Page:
Jonathan Rottenberg and Ian H Gotlib

Major depressive disorder (MDD) is a psychiatric syndrome characterized by impaired functioning in multiple domains, including biology, behavior, emotion, and cognition. Investigators working within each of these domains face an ever-expanding corpus of theory, methodology, and empirical findings. Perhaps in part due to these burgeoning literatures, different groups of researchers have typically focused on only one of these domains of functioning. While understandable, the consequence of this situation is that there is a lack of integrative theory and research in which the range of dysfunctions that are associated with depression are synthesized to form a meaningful overall pattern (Gotlib & Hammen, 1992, 2002).

For several reasons, the social and emotional dysfunctions observed in depression appear to be particularly good candidates with which to begin to develop such an integrative approach. It is clear, for example, that depressed individuals exhibit striking deficits in both of these domains. And perhaps more important, the social and emotional deficits in MDD appear to be interwoven. It is not difficult to imagine, for instance, that a depressed woman's inability to experience pleasure (emotion deficit) might lead her to withdraw from pleasant activities involving others (social deficit). Indeed, a growing body of research conducted with "normal" samples reinforces the formulation that there are strong bidirectional linkages between the social and the emotional domains (e.g., Fridja, 1986; Fridlund, 1992). Emotions are critical in coordinating the trajectory of social interactions (Ekman, 1992). In turn, social interactions set the conditions under which the majority of all emotional episodes occur (Scherer et al., 1986). These insights concerning the linkage of social and emotional phenomena have only recently been applied to the understanding of psychopathology (e.g., Keltner & Kring, 1998). We believe that this is an opportune time, therefore, for researchers and theorists in the field of depression to consider the interconnections between the social dysfunctions (e.g., Barnett & Gotlib, 1988) and the emotional dysfunctions (e.g., Rottenberg et al., 2002) that are typically observed in individuals who are experiencing this debilitating disorder.

Mood Disorders: A Handbook of Science and Practice. Edited by M. Power. © 2004 John Wiley & Sons, Ltd. ISBN 0-470-84390-X.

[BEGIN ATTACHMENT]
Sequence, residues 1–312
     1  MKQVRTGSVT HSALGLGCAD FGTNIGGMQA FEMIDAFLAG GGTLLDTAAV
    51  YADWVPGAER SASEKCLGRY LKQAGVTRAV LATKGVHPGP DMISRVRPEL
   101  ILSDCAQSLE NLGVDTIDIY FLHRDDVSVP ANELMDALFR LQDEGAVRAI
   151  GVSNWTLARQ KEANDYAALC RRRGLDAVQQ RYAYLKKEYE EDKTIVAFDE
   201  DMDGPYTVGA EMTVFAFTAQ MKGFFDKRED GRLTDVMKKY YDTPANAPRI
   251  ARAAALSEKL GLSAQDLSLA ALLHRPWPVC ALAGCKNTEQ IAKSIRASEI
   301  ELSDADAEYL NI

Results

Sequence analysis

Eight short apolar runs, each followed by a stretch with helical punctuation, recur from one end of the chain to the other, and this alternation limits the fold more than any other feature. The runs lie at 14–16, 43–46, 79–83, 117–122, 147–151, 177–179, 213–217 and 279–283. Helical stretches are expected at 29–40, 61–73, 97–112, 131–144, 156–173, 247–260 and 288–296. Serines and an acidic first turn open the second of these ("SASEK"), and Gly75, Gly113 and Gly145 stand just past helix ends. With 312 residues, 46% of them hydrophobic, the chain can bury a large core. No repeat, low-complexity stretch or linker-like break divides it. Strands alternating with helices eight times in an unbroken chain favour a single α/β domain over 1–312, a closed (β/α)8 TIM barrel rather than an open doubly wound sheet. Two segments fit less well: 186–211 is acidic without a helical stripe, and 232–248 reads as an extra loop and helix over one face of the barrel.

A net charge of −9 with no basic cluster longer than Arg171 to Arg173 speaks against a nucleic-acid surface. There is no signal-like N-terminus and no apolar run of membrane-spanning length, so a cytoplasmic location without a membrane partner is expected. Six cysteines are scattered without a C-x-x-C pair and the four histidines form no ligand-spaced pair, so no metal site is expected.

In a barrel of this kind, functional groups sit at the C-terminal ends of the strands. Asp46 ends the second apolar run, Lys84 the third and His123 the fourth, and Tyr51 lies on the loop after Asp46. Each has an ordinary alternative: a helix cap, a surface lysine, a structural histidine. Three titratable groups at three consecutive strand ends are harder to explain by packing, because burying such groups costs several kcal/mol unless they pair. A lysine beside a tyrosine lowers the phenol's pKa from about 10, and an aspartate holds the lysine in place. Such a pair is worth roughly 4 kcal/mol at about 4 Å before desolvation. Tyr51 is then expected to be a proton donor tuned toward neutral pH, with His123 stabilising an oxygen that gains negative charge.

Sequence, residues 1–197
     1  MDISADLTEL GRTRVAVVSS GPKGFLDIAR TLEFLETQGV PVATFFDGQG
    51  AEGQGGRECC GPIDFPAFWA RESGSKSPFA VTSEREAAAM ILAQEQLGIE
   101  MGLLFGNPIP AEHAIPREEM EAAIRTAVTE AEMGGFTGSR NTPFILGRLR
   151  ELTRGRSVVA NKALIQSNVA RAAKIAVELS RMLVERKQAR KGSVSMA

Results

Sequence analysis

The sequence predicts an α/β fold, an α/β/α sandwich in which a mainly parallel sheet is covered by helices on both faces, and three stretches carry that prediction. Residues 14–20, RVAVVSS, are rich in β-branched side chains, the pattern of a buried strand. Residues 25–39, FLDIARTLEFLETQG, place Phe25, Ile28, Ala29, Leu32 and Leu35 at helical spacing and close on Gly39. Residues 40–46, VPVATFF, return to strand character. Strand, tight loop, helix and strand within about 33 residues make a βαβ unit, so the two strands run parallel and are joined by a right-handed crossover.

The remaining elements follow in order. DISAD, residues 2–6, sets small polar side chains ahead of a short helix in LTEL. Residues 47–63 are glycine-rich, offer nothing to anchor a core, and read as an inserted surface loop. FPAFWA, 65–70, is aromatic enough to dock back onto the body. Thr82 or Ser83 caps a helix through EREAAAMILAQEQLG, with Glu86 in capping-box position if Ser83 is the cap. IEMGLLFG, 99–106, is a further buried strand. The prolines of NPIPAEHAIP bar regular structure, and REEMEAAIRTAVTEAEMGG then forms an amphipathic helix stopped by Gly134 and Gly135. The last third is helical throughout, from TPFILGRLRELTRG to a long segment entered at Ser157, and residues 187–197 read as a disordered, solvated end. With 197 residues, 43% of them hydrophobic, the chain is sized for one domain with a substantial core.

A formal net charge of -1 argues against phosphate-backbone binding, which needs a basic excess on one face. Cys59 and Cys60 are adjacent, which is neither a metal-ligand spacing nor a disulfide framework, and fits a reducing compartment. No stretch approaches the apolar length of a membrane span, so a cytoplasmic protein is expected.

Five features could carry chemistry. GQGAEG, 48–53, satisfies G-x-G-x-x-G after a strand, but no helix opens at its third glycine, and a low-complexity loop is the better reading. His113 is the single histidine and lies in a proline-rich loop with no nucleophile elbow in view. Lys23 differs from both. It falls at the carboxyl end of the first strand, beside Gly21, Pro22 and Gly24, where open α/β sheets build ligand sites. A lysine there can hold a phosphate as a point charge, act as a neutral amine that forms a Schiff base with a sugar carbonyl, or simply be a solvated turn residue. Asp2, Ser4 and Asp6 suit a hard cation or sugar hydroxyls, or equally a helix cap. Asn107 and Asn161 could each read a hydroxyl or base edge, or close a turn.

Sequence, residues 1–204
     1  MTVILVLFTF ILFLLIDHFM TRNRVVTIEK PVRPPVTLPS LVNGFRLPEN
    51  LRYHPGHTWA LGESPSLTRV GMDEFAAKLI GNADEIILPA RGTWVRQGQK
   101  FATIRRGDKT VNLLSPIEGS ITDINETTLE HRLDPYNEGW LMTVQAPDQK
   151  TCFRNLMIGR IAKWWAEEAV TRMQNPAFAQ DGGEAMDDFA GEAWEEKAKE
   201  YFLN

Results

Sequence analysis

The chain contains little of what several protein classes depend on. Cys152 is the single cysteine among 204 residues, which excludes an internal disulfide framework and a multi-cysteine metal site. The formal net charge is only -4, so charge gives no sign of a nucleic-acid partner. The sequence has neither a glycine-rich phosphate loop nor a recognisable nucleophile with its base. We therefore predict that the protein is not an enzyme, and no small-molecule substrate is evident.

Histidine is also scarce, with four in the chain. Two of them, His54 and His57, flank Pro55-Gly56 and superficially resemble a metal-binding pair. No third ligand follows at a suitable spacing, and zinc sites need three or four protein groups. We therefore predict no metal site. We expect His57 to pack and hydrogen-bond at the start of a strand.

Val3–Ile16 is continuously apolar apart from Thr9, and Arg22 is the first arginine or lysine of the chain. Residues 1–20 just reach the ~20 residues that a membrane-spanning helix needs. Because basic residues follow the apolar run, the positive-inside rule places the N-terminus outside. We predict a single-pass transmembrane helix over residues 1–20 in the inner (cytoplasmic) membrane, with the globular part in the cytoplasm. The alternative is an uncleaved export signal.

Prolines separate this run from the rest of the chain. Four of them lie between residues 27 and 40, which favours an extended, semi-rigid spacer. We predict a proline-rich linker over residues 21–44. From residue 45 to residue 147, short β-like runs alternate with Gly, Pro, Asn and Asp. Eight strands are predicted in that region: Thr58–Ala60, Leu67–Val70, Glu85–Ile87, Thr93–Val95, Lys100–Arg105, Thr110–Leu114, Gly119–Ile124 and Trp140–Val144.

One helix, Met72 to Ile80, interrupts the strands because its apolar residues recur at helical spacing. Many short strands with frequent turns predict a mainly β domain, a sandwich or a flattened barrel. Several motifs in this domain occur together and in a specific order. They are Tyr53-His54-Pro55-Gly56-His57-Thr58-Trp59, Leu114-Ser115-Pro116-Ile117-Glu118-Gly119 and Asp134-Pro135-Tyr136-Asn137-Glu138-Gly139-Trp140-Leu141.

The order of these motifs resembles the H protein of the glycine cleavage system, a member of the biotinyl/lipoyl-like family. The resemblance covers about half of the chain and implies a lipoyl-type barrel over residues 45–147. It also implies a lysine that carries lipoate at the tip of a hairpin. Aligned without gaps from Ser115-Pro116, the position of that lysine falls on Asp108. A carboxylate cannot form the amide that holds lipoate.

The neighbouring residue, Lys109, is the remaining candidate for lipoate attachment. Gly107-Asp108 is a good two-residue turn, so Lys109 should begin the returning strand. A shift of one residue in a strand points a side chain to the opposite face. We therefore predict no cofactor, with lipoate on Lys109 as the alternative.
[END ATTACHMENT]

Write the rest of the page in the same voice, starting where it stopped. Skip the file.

Certainly, the formulation of a socioemotional linkage in MDD is not entirely novel. Several well-validated interventions for depression, such as interpersonal therapy (IPT) (Klerman et al., 1984), social skills training (Becker et al., 1987), and marital and family therapy (Beach & Jones, 2002), make strong assumptions about the existence of tight connections between the state of depressed persons' interpersonal functioning and their emotional state. In fact, a central claim of these interventions is that improving depressed patients' social functioning will alleviate their depressive symptoms (including the emotional symptoms). Despite the demonstrated efficacy of these therapies, the mechanisms through which socially based therapies effect changes in emotional functioning remain largely unknown.

The purpose of this chapter is to present an overview and integration of the literatures on social and emotional functioning in depression. Using the general concept of socioemotional linkage as a framework, we begin this chapter by discussing normative aspects of the relation between social and emotional functioning. Our overarching goal in using the concept of socioemotional linkage is to go beyond a simple "snapshot" description of how depressed individuals function in social settings and offer a more dynamic explanation of why depressed persons engage in dysfunctional social behaviors. In this context, examining the emotional functioning of depressed individuals can provide important insights concerning their social behaviors. After reviewing the literatures concerning the social and emotional functioning of depressed persons, we attempt to integrate these literatures by considering the contributions both of broad motivational systems and of specific emotion deficits to the problematic social functioning of depressed individuals. We conclude this chapter with recommendations for future research designed to examine the roles of social and emotional functioning, over time and across clinical state, as possible risk factors for MDD.

Anxiety and Depression 101

Anxiety and Depression 101

Everything you ever wanted to know about. We have been discussing depression and anxiety and how different information that is out on the market only seems to target one particular cure for these two common conditions that seem to walk hand in hand.

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